• Twitch - an AVOD, live streaming services that can be access via its web and mobile app, and has an accompanying TV app that can be access via Fire TV.

The OTT Opportunity

Earlier this month, Amazon's advertising team participated in IAB's NewFronts, with a star-studded lineup to promote its video ambitions. Some highlights were: original content for IMDB (an AVOD service), expansion of Amazon's NFL partnership (also AVOD), greater access for Twitch inventory (AVOD), and the ability to create actionable video ads which allows viewers to “add to cart”, “add to Alexa shopping list”, “buy now” or “shop now” – directly from the ad using their voice or Fire TV remote.

Let's unbundle that, because it's honestly profound: Amazon is leveraging its vast balance sheet to acquire exclusive AVOD content, which allows advertisers to granularly target viewers based on their purchasing behaviour on, and then creates a closed loop environment to purchase new products direct from the video ad itself via its voice technology. Only Amazon is capable of this.

In the 7 Powers, Hamilton Helmer outlines that "scale economies" are one of the powers leading to Netflix's massive success. Specifically, their ability to produce or acquire exclusive content at a fixed cost, and then generate variable revenue of the same fixed cost with many subscriptions. It's a model that's now being replicated across all SVOD streaming services, and is the reason why it's challenging - if not impossible - to compete with Amazon, Disney, and Netflix.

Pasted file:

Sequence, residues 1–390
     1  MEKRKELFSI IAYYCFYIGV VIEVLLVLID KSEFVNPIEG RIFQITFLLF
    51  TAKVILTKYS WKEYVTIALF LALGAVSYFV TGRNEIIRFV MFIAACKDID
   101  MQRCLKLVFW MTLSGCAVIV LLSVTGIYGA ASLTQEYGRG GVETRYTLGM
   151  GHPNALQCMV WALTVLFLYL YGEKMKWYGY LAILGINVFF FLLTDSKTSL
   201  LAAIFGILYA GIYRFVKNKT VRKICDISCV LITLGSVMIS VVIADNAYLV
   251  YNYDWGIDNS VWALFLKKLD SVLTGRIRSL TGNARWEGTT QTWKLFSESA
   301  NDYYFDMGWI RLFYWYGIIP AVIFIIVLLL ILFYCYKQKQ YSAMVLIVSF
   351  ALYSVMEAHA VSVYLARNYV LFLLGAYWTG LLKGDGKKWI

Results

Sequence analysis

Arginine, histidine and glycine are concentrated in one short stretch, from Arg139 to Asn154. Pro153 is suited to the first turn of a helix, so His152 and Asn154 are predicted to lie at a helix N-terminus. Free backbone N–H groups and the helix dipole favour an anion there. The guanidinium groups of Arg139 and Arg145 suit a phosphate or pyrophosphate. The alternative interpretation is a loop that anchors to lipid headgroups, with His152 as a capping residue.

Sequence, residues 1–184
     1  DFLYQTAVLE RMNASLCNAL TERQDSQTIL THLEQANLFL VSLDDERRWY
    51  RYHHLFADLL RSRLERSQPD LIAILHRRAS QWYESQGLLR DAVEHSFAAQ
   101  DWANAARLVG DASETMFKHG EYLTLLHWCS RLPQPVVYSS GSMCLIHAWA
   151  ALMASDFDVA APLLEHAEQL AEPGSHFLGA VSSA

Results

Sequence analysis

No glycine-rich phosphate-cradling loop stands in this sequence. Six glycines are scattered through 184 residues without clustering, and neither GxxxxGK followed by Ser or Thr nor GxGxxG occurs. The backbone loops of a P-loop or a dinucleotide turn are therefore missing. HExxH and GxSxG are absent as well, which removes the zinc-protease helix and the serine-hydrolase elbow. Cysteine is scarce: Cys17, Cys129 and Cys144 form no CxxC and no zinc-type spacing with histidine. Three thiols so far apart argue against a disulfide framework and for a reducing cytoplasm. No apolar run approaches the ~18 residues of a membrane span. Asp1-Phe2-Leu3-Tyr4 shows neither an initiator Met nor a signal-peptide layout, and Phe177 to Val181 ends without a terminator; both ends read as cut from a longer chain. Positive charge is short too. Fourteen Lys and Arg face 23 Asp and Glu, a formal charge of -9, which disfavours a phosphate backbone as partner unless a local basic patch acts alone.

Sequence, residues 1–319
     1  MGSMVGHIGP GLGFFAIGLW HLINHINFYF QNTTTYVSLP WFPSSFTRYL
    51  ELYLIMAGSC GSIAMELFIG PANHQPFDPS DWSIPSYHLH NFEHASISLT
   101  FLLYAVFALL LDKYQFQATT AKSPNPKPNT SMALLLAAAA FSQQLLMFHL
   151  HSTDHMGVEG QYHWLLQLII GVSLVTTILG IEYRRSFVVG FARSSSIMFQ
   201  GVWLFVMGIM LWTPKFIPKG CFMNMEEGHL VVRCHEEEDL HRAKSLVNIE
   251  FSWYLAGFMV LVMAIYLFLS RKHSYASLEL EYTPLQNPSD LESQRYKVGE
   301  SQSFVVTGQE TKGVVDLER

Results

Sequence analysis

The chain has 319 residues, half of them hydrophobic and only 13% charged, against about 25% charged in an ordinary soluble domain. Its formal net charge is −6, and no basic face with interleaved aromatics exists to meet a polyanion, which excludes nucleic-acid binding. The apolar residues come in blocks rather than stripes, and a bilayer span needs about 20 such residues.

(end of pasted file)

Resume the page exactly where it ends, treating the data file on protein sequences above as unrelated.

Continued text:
Unlike Netflix and Disney, Amazon is simultaneously making an equally epic parallel bet with AVOD content, leveraging scale economics to win. Amazon creates or purchases content and then, through both their ad tech and vast ad sales teams, are able to monetize the content through advertising programmatically with ADSP. So, when 14 million Americans tune into Thursday night football, they need not see the same national TV ad like they do on linear TV. Instead, Amazon can serve a multitude of highly targeted ads to specific audiences across the country. And, advertisers can pay a variable CPM rate (rather than a fixed price media buy) in order for their ads to appear. (note: this is not available yet). This is powerful. TV ads in which price was once determined by the media company with a small pool of advertises like large brands and agencies, are now - in the world of AVOD OTT services - having price determined variably, in real time, by millions of potential advertisers with access to ADSP.

The result for advertisers is an environment in which you have stronger ad performance with more precise targeting and measurement capabilities. On the other hand, the technology developed to purchase this ad inventory creates more opportunity for Amazon to generate new revenue.

With the news of the MGM acquisition, the key question then becomes: Where will the MGM content live? Will it be AVOD or SVOD? My guess is that, in MGM, Amazon specifically saw an opportunity to accelerate the richness of content on its AVOD properties, like IMDBTV, and pounced at the opportunity to create even more reach for advertisers. This is only the beginning of Amazon's OTT opportunity.